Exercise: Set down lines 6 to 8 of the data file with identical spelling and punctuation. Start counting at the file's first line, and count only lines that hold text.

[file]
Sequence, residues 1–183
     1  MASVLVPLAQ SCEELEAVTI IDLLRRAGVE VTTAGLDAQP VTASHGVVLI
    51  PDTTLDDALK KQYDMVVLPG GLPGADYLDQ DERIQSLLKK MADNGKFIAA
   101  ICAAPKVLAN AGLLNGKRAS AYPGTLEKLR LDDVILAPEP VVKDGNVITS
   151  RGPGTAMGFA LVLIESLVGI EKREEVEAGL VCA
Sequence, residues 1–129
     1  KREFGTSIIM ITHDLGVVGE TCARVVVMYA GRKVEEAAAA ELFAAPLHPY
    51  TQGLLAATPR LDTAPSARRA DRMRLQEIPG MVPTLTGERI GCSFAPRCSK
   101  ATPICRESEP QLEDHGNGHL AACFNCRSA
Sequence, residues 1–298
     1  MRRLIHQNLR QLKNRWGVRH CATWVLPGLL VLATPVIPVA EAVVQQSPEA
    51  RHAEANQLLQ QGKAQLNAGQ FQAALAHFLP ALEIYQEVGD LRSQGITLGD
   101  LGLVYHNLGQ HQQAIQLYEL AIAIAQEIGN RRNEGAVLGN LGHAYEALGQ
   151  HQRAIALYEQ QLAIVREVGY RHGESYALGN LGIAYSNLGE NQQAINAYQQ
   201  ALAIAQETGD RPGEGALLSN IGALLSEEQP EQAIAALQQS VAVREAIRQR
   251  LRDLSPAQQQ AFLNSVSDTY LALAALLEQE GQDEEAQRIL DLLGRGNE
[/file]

Sequence, residues 1–129
     1  KREFGTSIIM ITHDLGVVGE TCARVVVMYA GRKVEEAAAA ELFAAPLHPY
    51  TQGLLAATPR LDTAPSARRA DRMRLQEIPG MVPTLTGERI GCSFAPRCSK